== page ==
Michigan Governor Pardoned 'Career Drunk Driver' on Way Out - NBC10 Boston
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Michigan Governor Pardoned 'Career Drunk Driver' on Way Out

Jagger, 54, of Royal Oak, had four drunken-driving convictions from 1989 to 2007

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    NEWSLETTERS

    Michigan Governor Pardoned 'Career Drunk Driver' on Way Out
    Anthony Lanzilote/Bloomberg via Getty Images
    Rick Snyder, governor of Michigan, speaks during the opening of the Martinrea International Inc. technical center in Auburn Hills, Michigan, U.S., on Thursday, May 17, 2018.

    In his final days in office, Gov. Rick Snyder wiped out the felony drunken-driving conviction of a man who pleaded for a pardon so he could seek a promotion as the next president of the Michigan Association of Certified Public Accountants.

    Jim Jagger's application for a pardon sailed swiftly: He filed in late October, got a hearing in December and won Snyder's blessing before Christmas, despite opposition from the Oakland County prosecutor, who vigorously claimed it was "special treatment" for a "career drunk driver," according to records obtained by The Associated Press.

    "The average Joe out there is not going to get a pardon" for the same crime, prosecutor Jessica Cooper told the AP. "Nor should they."

    A pardon is an extraordinary tool in the state constitution that makes a conviction disappear. During Snyder's eight years as governor, people filed more than 4,000 applications for a pardon or commutation, which shortens a prison sentence. He granted fewer than 100.

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    It's not publicly known why the governor or his aides were so interested in helping Jagger, who makes $144,000 a year as a vice president at the CPA group. But with Snyder's term nearing an end, his staff put the case "at the top of the stack and said, 'Process this one,'" said Chris Gautz, a spokesman at the Corrections Department, where pardon files are screened.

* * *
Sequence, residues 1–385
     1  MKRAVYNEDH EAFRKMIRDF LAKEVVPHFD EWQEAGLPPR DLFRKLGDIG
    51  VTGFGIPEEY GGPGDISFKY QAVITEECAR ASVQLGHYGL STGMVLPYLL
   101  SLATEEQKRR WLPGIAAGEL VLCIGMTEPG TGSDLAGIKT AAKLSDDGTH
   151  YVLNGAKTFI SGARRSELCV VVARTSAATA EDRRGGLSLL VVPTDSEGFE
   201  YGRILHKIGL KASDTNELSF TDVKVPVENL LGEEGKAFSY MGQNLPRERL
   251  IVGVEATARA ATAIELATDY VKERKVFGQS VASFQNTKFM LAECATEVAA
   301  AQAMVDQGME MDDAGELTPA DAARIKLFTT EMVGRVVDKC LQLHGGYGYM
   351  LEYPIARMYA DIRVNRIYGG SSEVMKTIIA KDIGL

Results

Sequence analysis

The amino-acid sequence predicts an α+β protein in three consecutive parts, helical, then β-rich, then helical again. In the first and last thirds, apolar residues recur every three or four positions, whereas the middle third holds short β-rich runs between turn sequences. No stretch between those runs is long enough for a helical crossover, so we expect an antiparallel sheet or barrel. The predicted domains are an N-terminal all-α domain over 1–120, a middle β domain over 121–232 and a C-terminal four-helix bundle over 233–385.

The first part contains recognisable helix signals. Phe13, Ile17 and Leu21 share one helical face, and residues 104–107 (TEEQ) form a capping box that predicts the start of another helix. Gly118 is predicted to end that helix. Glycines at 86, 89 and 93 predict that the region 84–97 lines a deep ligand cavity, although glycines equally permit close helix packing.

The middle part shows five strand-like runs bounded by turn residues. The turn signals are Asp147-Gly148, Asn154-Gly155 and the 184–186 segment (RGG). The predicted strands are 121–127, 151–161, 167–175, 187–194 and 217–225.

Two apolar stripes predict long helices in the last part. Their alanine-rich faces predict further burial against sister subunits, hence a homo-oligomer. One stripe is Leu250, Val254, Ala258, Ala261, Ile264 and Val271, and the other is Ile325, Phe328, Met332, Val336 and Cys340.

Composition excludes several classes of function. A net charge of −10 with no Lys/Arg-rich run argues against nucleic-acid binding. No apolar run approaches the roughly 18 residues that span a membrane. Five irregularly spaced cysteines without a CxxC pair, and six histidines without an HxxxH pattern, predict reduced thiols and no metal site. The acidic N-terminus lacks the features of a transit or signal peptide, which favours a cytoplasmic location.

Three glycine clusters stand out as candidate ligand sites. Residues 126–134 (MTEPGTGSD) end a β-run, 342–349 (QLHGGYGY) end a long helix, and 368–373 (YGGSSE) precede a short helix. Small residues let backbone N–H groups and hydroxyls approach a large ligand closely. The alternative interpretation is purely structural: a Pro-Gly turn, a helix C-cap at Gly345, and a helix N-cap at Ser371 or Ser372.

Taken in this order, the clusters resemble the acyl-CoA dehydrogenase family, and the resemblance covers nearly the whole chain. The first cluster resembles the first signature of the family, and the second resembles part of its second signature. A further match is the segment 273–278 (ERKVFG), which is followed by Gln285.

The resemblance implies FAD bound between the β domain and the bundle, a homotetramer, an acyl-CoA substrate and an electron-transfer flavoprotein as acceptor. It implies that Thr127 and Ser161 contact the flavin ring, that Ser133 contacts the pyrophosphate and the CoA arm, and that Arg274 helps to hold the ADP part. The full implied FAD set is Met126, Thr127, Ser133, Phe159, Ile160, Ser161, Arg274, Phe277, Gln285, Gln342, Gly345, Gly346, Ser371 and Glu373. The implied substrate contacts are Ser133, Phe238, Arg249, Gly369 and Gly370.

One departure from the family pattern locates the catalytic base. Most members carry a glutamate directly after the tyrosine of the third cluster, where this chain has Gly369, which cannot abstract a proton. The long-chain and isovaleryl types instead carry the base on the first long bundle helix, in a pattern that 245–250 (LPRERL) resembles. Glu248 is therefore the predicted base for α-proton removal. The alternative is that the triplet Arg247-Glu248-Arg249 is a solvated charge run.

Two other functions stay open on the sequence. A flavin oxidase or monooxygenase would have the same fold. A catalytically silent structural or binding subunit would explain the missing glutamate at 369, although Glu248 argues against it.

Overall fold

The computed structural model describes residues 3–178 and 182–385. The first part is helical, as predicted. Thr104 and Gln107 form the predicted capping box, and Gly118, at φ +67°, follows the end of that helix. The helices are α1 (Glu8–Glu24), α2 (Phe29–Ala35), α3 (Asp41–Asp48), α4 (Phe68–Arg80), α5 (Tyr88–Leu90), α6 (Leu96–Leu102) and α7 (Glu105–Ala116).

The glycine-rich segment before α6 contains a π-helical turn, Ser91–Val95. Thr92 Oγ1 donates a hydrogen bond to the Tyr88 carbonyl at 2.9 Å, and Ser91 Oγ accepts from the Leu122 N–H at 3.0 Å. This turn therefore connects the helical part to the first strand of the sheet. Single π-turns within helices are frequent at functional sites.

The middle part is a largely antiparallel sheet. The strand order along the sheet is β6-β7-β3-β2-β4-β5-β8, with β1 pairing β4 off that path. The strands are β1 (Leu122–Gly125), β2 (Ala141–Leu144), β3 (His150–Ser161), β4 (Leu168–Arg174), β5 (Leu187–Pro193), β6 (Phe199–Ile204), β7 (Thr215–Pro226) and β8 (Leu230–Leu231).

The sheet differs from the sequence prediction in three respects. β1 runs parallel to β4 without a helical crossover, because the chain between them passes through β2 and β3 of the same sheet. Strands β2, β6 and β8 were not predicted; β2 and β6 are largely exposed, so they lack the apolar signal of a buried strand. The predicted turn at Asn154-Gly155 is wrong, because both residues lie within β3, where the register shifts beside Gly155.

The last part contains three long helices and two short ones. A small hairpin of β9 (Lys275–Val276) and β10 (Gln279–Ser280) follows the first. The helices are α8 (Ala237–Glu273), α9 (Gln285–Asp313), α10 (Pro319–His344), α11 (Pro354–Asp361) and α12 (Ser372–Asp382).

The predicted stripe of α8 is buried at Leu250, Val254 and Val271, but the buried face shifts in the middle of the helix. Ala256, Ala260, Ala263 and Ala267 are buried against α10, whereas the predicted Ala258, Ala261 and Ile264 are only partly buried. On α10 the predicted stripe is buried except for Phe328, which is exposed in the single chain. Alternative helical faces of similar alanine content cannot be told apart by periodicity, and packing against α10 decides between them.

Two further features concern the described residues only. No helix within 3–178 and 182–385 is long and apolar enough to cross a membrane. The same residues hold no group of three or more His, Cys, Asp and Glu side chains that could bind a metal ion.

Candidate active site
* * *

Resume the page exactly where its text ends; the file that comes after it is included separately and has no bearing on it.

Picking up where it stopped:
Jagger, 54, of Royal Oak, had four drunken-driving convictions from 1989 to 2007. It's typically a misdemeanor, but he faced a felony charge after the last arrest because of his repeat offenses. No one was injured in the incidents. Judge Michael Warren sentenced him to 135 days in jail after an assistant prosecutor called Jagger a "danger to the public."

    Jagger served his sentence, but the pardon means the felony is off the books.

    He and his lawyer, Bill Urich, didn't respond to AP's multiple requests for an interview. Nor did Peggy Dzierzawski, the current president of the CPA group. Snyder, who is a CPA, left office on Jan. 1. An aide, Allison Scott, said he was away and unavailable to answer questions.

    Jagger's desire for a pardon is detailed in documents obtained by the AP under a public records request.

    He explained it during a Dec. 12 hearing with the Michigan parole board, which makes recommendations to the governor and voted in Jagger's favor. Since 2016, he has been senior vice president and chief marketing officer at the Michigan CPA organization. The Troy-based group serves 18,000-plus members by offering career workshops, monitoring industry trends and influencing laws and accounting rules in Lansing.